general question about PUT transistors

for this circuit: http://i59.tinypic.com/2ykh0kn.jpg

how do you calculate how much current is going to come out of the put to the loudspeaker? i know once the voltage threshold is met there is basicly a surge out of the cathode. (correct me if im wrong)

also how do you know how much resistance that the loudspeaker needs?

I'm not sure how an scr is driven like that..

But to measure the speaker, use a multimeter measure the resistance, thus how many ohms it is...

Edit...

Ooh it's not an scr! Sorry kinda distracted by the moderator gunnng to remove me :)

Anchorman44: For this circuit, how do you calculate how much current is going to come out of the put to the loudspeaker?

Precious little current. At 6V supply, the capacitor charges to about 3V before the PUT is triggered, the PUT drops about a volt of this so you have a sawtooth output of about 2V. Over 108 ohms (100 ohm resistor plus 8 ohm speaker), that amounts to 2000/108 or 18 *milli*amps.

Anchorman44: Also how do you know how much resistance that the loudspeaker needs?

"Needs" is not meaningful. Eight ohm loudspeakers are common, but if you are going to put a resistor series to make it up to 100 ohms or so, it is better to use as high a speaker impedance as possible, preferably 50 or so as this then becomes a greater proportion of the total resistance. If you could find a 100 ohm speaker, you would need no extra resistor at all.

The greyed-out part of the circuit describes a terrible way to flash an LED. I cannot discern form where you got that picture, but many "instructables" and similar descriptions (such as YouTube) on the Internet are shockingly bad or even dangerous practice.

Hi, by the looks of the picture, its from a book of circuits, or design ideas, and there is a layout diagram as well, I would hope that they have given you a parts list as well, that will tell you what resistance the loudspeaker is.

I think you want to know how loud the speaker will be, that depends on the physical size of the speaker, its resonant frequency range and the frequency that the oscillator is designed to run at.

Tom...... :)

cjdelphi: I'm not sure how an scr is driven like that..

But to measure the speaker, use a multimeter measure the resistance, thus how many ohms it is...

Edit...

Ooh it's not an scr! Sorry kinda distracted by the moderator gunnng to remove me :)

An easy mistake to make - the gate is on the cathode for an SCR, anode for a programmable unijunction transistor. But no-one really uses them anyway so its understandable.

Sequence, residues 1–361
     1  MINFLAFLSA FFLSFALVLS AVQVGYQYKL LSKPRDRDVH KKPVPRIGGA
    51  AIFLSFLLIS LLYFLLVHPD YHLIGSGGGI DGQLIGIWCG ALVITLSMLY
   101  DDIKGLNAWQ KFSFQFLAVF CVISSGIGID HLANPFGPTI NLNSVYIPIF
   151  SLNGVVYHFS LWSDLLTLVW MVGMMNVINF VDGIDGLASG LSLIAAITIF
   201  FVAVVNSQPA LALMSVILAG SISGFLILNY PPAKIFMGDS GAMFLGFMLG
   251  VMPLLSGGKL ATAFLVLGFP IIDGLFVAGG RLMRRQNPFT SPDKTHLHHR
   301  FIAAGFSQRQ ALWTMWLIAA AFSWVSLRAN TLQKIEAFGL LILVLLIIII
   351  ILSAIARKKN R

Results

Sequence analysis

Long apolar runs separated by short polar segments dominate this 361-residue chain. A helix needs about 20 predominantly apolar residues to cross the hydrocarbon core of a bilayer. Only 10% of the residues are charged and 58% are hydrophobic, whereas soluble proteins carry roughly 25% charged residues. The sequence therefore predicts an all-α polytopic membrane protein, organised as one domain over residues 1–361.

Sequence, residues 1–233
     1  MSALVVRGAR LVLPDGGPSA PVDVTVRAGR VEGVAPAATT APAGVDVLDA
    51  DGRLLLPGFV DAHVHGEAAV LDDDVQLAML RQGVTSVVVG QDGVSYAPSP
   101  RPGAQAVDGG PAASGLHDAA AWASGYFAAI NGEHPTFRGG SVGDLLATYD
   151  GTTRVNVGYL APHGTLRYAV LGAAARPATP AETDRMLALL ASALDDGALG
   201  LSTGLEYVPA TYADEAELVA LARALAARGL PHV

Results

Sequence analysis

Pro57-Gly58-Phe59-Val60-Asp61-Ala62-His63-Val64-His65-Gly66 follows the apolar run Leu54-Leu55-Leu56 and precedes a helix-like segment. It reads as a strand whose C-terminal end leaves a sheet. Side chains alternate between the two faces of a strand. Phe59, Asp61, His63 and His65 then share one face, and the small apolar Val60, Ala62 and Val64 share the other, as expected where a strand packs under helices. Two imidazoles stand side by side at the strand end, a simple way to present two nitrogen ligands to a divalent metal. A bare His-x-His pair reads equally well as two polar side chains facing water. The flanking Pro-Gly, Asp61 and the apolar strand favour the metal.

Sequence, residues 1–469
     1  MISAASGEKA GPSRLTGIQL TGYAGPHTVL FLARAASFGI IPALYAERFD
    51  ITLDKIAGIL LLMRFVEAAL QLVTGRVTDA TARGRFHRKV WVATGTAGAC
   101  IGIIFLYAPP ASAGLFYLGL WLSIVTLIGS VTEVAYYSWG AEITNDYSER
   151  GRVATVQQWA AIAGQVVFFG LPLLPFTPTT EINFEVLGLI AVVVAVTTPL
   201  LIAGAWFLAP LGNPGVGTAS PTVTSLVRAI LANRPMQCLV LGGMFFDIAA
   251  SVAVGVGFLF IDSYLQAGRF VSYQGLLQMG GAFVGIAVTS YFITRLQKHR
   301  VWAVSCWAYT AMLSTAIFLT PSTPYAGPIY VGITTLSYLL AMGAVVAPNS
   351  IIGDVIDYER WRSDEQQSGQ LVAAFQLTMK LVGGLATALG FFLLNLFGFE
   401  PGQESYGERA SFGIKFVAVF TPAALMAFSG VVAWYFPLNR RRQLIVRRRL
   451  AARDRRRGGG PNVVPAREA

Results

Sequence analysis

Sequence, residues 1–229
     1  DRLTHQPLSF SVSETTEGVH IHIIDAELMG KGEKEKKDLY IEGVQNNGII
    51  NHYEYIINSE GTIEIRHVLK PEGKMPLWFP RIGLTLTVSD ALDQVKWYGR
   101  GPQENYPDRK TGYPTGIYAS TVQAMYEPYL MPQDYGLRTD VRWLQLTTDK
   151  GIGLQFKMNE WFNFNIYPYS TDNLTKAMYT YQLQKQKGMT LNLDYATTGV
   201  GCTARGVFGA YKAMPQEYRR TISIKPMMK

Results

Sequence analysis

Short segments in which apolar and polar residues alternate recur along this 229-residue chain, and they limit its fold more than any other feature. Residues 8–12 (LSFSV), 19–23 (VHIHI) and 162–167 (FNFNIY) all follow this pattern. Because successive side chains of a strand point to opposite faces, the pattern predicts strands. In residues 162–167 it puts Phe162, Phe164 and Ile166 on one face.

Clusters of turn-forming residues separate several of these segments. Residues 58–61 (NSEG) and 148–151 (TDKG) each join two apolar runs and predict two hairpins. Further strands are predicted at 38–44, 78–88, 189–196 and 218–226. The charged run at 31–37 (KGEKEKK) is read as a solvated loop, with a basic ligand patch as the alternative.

A circuit that old is relying on the probably rather high ESR of that 2.2uF capacitor to not damage the LED. Or not so quickly that it immediately fails.

According to the datasheet, the forward voltage is more like 1V. However, you can't just use the numbers to calculate power, because that is an impulse, a capacitive discharge into the speaker.

TomGeorge: Hi, by the looks of the picture, its from a book of circuits, or design ideas, and there is a layout diagram as well, I would hope that they have given you a parts list as well, that will tell you what resistance the loudspeaker is.

I think you want to know how loud the speaker will be, that depends on the physical size of the speaker, its resonant frequency range and the frequency that the oscillator is designed to run at.

Tom...... :)

its a book called Make : Electronics. It seemed like a great book but this is the second time that i have posted a circuit from it on this forum and both times the circuit was said to have bad design. So If you can offer me any other books that helped you learn I would be grateful for any help!

Paul__B: The greyed-out part of the circuit describes a terrible way to flash an LED. I cannot discern form where you got that picture, but many "instructables" and similar descriptions (such as YouTube) on the Internet are shockingly bad or even dangerous practice.

How would you design an LED flasher circuit?

polymorph: A circuit that old is relying on the probably rather high ESR of that 2.2uF capacitor to not damage the LED. Or not so quickly that it immediately fails.

According to the datasheet, the forward voltage is more like 1V. However, you can't just use the numbers to calculate power, because that is an impulse, a capacitive discharge into the speaker.